3 out of 4 stars
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The Surgeon’s Wife by William H. Coles tells the story of New Orleans surgeon Mike Boudreaux and his tumultuous relationships with a colleague and mentor, Dr. Clayton Otherson, and his family. As chief of surgery, Boudreaux navigates the tricky path of dealing professionally and personally with Otherson’s growing incompetence in the operating room. As Otherson’s professional behavior and mental well-being begin to be called into question by his peers in the medical community, his wife seeks out Boudreaux’s support during this confusing time for her marriage. The two fall in love, beginning an affair that complicates Boudreaux’s professional duties and personal relationship with his mentor.
I rate The Surgeon’s Wife with 3 out of 4 stars. This book is engaging. The love triangle, against the backdrop of the protagonist’s navigation through the complexities of the medical investigation, is believable. It is very well-written and explores social inequalities inherent in both New Orleans society as well as the greater American medical system.
What I most enjoyed about the book was the investigation into the questionable practices that exist within the privatized medical system. Otherson’s professional problems stem from his promotion of a surgery targeted toward the obese that has specific indications for patient candidates and limited positive results. As Otherson begins to ignore the indications, and as more patients begin to experience complications rather than an enhanced life, his practices are called into question by his peers. I was fascinated by the exploration of the culture and hierarchy within the medical board and doctor groups who operate with the goal of upholding patient well-being, while at the same time either protecting or destroying careers. I also thought the downward psychological spiral of Otherson was fascinating and believable, tracking his behavior and emotional state leading to and through the crumbling of his career and marriage.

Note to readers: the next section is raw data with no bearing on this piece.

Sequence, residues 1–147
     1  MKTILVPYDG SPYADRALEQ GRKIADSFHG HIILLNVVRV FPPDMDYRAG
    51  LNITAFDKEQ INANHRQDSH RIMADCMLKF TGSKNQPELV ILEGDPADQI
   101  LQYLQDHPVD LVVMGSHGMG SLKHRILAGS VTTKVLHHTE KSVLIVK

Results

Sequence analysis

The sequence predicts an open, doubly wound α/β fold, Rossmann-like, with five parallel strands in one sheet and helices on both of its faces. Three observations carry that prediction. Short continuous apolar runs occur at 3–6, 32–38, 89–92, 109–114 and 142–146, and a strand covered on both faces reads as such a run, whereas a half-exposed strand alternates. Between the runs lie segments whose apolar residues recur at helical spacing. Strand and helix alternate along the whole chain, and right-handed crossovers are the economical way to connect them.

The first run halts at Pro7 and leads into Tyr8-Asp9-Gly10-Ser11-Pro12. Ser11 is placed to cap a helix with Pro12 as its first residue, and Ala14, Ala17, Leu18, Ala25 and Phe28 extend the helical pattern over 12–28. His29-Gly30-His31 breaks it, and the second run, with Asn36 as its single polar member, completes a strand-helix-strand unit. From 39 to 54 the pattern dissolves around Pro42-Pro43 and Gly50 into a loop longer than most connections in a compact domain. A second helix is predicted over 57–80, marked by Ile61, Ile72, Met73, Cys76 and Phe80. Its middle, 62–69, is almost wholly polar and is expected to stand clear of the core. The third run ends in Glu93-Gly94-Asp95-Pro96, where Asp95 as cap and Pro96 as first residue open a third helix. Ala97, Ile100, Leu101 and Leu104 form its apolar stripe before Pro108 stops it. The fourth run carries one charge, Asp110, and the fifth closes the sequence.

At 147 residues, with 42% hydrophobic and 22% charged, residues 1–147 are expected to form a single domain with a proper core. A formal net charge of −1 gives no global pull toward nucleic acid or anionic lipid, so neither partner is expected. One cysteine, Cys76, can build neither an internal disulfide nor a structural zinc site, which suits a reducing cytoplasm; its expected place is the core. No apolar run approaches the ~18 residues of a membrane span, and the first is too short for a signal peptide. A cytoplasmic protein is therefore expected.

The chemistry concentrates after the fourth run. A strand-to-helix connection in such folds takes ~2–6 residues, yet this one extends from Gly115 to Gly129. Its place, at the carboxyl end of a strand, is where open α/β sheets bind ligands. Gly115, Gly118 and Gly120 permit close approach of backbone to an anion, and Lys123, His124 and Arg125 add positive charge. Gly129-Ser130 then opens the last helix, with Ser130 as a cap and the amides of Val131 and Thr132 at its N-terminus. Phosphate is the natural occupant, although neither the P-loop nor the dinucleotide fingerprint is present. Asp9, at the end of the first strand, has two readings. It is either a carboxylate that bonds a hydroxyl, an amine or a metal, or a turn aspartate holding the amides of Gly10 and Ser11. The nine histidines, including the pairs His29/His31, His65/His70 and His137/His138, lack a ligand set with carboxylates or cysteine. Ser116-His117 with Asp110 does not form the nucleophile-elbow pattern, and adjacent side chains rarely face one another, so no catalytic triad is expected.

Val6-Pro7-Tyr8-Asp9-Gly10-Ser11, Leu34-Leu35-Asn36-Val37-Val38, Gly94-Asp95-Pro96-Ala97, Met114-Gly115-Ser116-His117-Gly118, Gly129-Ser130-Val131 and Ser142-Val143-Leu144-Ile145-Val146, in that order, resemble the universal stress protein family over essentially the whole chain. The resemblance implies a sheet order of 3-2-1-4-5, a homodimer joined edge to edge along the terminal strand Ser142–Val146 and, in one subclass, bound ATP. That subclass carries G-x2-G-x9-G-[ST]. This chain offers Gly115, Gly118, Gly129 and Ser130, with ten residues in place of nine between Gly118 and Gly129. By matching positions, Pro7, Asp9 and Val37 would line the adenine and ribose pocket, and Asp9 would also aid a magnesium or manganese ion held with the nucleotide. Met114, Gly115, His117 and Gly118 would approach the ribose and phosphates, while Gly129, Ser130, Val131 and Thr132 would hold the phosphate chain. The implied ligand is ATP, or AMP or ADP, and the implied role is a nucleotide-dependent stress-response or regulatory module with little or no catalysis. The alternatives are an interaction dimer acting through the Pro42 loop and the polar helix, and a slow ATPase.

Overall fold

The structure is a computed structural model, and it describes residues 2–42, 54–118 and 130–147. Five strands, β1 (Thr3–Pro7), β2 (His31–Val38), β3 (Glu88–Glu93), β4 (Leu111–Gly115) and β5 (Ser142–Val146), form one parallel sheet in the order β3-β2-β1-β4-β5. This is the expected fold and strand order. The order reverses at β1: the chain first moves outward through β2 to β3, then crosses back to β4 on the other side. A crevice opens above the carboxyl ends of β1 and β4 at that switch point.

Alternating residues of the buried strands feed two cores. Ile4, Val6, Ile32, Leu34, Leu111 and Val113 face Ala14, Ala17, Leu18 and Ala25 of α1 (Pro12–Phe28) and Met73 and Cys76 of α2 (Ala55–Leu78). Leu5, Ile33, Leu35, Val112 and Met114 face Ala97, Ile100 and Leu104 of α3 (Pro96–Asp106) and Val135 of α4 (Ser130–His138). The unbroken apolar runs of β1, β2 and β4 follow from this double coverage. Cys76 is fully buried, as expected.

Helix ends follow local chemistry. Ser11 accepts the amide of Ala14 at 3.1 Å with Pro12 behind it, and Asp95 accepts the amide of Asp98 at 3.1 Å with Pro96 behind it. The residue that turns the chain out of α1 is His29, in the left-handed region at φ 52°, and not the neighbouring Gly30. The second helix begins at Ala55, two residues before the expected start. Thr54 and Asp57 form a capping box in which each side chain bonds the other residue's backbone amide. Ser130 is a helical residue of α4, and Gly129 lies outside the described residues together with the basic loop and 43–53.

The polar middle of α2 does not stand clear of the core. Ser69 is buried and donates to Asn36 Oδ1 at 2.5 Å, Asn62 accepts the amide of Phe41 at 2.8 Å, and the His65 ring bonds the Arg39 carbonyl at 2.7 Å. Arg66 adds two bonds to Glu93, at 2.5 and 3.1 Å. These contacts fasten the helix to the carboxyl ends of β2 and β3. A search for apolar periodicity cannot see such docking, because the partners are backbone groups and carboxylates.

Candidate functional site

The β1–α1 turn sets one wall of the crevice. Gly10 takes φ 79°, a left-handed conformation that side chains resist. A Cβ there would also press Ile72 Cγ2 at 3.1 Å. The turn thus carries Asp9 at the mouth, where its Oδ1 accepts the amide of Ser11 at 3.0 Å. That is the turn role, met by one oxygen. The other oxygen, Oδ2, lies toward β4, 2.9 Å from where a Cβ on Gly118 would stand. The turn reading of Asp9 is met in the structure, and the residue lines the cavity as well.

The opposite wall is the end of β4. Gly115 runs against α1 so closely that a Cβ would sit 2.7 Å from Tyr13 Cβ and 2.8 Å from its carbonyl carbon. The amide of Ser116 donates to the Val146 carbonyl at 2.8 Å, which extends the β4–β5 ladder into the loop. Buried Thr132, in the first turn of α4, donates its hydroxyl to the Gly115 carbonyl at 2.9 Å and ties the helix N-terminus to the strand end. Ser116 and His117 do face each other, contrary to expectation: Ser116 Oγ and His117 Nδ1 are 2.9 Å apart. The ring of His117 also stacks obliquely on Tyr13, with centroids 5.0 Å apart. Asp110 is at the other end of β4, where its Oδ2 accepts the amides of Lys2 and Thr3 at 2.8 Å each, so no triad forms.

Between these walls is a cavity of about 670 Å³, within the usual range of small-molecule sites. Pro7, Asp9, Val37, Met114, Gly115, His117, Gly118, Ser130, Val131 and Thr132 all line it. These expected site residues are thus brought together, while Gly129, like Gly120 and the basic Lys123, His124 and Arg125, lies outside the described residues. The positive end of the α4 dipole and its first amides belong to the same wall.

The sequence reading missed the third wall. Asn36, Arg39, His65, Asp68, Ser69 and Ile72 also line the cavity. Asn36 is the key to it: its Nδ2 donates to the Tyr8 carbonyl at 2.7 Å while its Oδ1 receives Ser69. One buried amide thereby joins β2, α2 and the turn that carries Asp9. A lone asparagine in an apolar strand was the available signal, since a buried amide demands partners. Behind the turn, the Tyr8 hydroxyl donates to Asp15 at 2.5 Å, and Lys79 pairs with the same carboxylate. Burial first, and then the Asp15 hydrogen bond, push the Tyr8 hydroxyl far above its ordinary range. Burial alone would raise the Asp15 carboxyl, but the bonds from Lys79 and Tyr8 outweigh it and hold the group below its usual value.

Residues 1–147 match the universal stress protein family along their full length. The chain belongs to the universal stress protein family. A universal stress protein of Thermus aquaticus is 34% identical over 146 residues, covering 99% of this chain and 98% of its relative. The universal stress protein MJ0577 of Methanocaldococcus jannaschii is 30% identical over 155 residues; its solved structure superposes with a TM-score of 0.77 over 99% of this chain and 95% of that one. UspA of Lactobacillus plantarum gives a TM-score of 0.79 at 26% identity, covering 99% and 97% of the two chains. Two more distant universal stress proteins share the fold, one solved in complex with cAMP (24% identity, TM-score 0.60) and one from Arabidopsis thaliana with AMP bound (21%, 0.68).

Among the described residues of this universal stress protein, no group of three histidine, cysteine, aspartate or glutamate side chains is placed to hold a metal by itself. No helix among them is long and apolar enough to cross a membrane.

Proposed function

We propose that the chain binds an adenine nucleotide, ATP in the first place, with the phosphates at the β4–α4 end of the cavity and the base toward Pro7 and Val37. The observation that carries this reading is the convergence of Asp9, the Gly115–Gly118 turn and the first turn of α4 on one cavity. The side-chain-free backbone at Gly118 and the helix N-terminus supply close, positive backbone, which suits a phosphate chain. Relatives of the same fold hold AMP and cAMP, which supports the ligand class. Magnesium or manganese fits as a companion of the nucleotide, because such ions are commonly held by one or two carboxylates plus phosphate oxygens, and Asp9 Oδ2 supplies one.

What I disliked most about this book was the relationships between Mellissa Otheron, Clayton and Catherine’s daughter, and both her father and Boudreaux. The complexity and confusion that I would think would exist did not seem to be conveyed to me on the page. It seems more of a case that one relationship was great, one was damaged beyond repair. However, the decisions Mellissa makes towards the end of the novel do demonstrate her desire to escape the chaos that the adults in her life have created around her.
I would recommend this book to all fiction lovers. The story’s themes of social inequality, medical and social justice, and doctor ethics and professionalism are extremely relevant and interesting. The love story is believable and heart-breaking.
The Surgeon's Wife
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